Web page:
The Role of CD19 in the Targeted Treatment of Relapsed/Refractory DLBCL - Episode 1

An Introduction to DLBCL: Current Approaches and Challenges

Mazyar Shadman, MD, MPH, and Brian T. Hill, MD, PhD, explain the intricacies of the diffuse large B-cell lymphoma treatment landscape.

Mazyar Shadman, MD, MPH: Hello, and thank you for joining this Targeted Oncology presentation titled “The Role of CD19 in the Targeted Treatment of Relapsed/Refractory Diffuse Large B-Cell Lymphoma.” Transplant-ineligible patients with diffuse large B-cell lymphoma have relatively limited treatment options, and that usually leads to poor clinical outcomes. CD19 has recently emerged as a promising therapeutic target for patients with relapsed or refractory disease, and both CAR [chimeric antigen receptor] T cells and monoclonal antibodies directed to CD19 have shown clinical efficacy in clinical trials and now in practice. In today’s presentation, we talk about the role of CD19 as a target for treatment of patients with relapsed/refractory diffuse large B-cell lymphoma.

I’m Dr Mazyar Shadman, an associate professor of medical oncology at the University of Washington and Fred Hutchinson [Cancer Research Center] in Seattle, Washington. Joining me is my colleague Dr Brian Hill, the director of the lymphoid malignancies program at the Cleveland Clinic Taussig Cancer Institute in Ohio. Dr Hill, thanks for joining me. Let’s start with getting some background on diffuse large B-cell lymphoma. Maybe our colleague can tell us a little about how big of a problem diffuse large B-cell lymphoma is, and then we’ll get started on treatment approaches.

Brian T. Hill, MD, PhD: Yes, Mazyar. It’s good to see you. Non-Hodgkin lymphoma is many different diseases, but diffuse large B-cell lymphoma is the most common form of lymphoma, the most common form of aggressive lymphoma. There’s probably somewhere around 30,000 new cases diagnosed each year, and there are some differences among patients with diffuse large B-cell lymphoma.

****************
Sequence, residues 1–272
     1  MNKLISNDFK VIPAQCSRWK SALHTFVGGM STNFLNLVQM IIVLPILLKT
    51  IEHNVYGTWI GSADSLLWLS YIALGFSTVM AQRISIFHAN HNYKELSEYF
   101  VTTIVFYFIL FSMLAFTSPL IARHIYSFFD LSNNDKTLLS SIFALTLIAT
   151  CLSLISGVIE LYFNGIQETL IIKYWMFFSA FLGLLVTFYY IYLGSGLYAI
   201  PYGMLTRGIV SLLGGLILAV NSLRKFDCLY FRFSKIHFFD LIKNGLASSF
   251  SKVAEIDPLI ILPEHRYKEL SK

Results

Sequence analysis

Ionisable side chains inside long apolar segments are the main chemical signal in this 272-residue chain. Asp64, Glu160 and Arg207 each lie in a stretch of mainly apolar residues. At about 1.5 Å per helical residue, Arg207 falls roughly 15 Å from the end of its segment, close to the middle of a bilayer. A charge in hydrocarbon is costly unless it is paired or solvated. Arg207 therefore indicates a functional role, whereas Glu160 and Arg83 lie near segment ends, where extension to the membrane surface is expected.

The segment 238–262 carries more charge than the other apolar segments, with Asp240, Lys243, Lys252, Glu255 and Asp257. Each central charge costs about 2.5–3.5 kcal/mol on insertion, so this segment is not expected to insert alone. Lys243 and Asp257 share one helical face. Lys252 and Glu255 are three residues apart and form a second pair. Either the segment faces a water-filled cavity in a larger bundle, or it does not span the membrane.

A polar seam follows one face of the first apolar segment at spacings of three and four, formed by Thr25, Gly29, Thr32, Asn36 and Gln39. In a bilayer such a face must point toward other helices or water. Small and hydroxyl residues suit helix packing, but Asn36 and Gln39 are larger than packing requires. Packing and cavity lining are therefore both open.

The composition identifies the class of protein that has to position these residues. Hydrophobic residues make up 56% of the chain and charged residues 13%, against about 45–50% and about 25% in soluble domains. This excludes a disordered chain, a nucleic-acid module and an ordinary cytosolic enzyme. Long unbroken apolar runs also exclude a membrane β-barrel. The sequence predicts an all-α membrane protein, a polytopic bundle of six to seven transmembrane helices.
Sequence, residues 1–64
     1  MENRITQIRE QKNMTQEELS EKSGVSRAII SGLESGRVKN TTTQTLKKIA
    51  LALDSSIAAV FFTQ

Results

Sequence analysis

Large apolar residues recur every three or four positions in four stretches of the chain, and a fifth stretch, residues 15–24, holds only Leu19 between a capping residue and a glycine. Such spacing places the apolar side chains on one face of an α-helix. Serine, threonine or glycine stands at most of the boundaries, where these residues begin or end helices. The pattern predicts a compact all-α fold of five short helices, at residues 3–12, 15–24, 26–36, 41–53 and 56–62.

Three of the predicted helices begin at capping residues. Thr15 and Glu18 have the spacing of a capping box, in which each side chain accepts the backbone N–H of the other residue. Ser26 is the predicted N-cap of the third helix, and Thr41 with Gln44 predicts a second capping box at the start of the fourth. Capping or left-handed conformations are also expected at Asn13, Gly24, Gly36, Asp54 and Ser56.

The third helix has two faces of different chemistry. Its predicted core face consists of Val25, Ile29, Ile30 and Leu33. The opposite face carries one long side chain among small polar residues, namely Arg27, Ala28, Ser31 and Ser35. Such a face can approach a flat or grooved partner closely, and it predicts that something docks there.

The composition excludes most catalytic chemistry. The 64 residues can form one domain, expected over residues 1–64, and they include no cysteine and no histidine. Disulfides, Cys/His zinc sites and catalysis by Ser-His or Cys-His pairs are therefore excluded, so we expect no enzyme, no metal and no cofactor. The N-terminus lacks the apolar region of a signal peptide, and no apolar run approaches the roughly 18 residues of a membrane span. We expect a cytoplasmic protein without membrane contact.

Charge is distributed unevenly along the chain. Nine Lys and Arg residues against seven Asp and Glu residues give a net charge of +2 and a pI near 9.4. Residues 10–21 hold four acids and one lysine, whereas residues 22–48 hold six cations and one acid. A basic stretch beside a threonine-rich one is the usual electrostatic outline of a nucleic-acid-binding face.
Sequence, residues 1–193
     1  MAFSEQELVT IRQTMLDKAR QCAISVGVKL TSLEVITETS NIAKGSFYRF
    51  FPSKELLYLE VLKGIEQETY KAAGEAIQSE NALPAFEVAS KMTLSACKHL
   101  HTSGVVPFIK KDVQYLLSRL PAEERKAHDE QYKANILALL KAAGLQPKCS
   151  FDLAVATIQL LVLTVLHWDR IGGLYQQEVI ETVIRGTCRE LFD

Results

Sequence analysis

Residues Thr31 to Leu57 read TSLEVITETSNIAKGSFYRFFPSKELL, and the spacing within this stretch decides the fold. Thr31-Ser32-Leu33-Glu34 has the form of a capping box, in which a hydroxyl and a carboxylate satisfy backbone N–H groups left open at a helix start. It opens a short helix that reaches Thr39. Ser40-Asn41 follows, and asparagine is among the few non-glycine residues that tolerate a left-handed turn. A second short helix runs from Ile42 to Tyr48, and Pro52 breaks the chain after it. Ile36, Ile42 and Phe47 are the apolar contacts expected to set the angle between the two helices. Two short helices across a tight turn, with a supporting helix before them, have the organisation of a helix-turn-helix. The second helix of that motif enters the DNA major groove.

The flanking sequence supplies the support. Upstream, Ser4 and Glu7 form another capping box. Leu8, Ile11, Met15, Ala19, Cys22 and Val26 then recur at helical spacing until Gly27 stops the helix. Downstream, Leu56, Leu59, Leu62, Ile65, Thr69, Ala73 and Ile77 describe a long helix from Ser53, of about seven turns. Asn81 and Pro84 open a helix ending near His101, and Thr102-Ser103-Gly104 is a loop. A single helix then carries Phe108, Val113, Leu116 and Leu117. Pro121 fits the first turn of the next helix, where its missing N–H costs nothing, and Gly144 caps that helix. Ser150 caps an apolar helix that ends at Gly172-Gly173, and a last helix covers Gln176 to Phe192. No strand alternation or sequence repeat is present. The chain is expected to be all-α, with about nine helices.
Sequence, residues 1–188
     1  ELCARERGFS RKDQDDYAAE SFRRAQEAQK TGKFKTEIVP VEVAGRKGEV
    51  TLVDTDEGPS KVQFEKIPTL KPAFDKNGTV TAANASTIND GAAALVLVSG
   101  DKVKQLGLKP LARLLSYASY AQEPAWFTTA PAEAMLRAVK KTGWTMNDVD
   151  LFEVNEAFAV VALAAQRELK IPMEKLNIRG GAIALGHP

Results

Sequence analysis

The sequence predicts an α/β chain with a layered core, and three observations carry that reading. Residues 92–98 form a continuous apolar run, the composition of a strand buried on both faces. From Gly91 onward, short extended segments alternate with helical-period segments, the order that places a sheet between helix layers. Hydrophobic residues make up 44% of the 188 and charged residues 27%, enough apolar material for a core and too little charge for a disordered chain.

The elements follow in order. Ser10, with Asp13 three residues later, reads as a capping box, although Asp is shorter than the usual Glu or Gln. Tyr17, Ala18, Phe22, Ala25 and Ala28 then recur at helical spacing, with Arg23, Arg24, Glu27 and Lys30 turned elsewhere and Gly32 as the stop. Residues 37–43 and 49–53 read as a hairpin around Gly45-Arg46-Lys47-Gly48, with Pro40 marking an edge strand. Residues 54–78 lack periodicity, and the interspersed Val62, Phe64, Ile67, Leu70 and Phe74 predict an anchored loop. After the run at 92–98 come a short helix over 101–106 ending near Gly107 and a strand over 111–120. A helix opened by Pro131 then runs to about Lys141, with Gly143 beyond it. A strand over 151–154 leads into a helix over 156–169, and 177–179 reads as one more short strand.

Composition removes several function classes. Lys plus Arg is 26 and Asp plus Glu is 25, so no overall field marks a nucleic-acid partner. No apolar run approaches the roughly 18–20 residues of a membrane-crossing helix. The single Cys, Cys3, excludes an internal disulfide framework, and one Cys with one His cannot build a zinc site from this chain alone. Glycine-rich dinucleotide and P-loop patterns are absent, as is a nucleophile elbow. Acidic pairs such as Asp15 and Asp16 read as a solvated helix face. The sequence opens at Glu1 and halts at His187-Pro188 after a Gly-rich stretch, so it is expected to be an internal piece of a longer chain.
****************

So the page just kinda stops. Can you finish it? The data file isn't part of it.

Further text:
Not all cases are the same. We know that some patients have a diffuse large B-cell lymphoma derived from a germinal center B cell, and others have a disease that’s derived from what’s called an activated B cell, a more mature B cell. The way we differentiate these clinically in common routine practice is with standard immunohistochemistry staining that’s done on the biopsies. We really can’t say precisely that it’s activated B cell or germinal center [GC]. We say it’s GC or non-GC subtype, and those with the non-GC subtype, which encompasses activated B cell subtype and others, tend to have slightly worse prognosis. But in 2021, we’re still treating them all the same way, which is basically with R-CHOP [rituximab, cyclophosphamide, hydroxydaunorubicin hydrochloride, vincristine, prednisone] chemotherapy, and I suspect that’s your approach in the vast majority of cases as well, Mazyar.

Mazyar Shadman, MD, MPH: Yes, that was my question: Would the cell of origin change your treatment approach? You answered that question. What are the molecular or cytogenetic markers that would have an impact on your treatment of choice for large cell lymphoma at the Cleveland Clinic?

Brian T. Hill, MD, PhD: What we and most other large centers are doing is we’re changing away from R-CHOP [rituximab, cyclophosphamide, hydroxydaunorubicin hydrochloride, vincristine, prednisone] only when we know that we have so-called double-hit lymphoma. Double-hit lymphomas are characterized by chromosomal translocations in typically MYC with BCL2 or BCL6. If you have all 3 it’s called triple-hit lymphoma, which sounds worse but is not much different from double-hit lymphoma. In those cases, it’s common at referral centers to use a more intensive chemotherapy regimen. We use dose-adjusted R-EPOCH [rituximab, etoposide, prednisone, vincristine, cyclophosphamide, hydroxydaunorubicin hydrochloride] which is similar to CHOP [cyclophosphamide, hydroxydaunorubicin hydrochloride, vincristine, prednisone] in terms of the components, except that there’s an infusional component, higher doses of some of the medications, and an additional chemotherapy agent, etoposide, is added. I’m curious if that’s your approach that you have at your center as well, Mazyar?

Mazyar Shadman, MD, MPH: Yes, exactly. The only marker outside clinical trials that would change our treatment approach from R-CHOP [rituximab, cyclophosphamide, hydroxydaunorubicin hydrochloride, vincristine, prednisone] is, as you mentioned, having patients with MYC rearrangement and/or BCL2 and BCL6. We use dose-adjusted R-EPOCH [rituximab, etoposide, prednisone, vincristine, cyclophosphamide, hydroxydaunorubicin hydrochloride] mainly based on nonrandomized trials. But it sounds like that would be a patient population, that you want to do your best up front, and some prospective studies have shown that more intensive treatments are helpful in that setting. It’s great to see a large percentage of patients with large cell lymphoma being cured with the first-line therapy, and 60% to 70%, depending on which data set we look at and what study we look at. But we all, unfortunately, know that there will be patients who will have relapse early or may have even primary refractory disease to the first-line therapy, and then some who will relapse later. That’s an unmet need.

This transcript has been edited for clarity.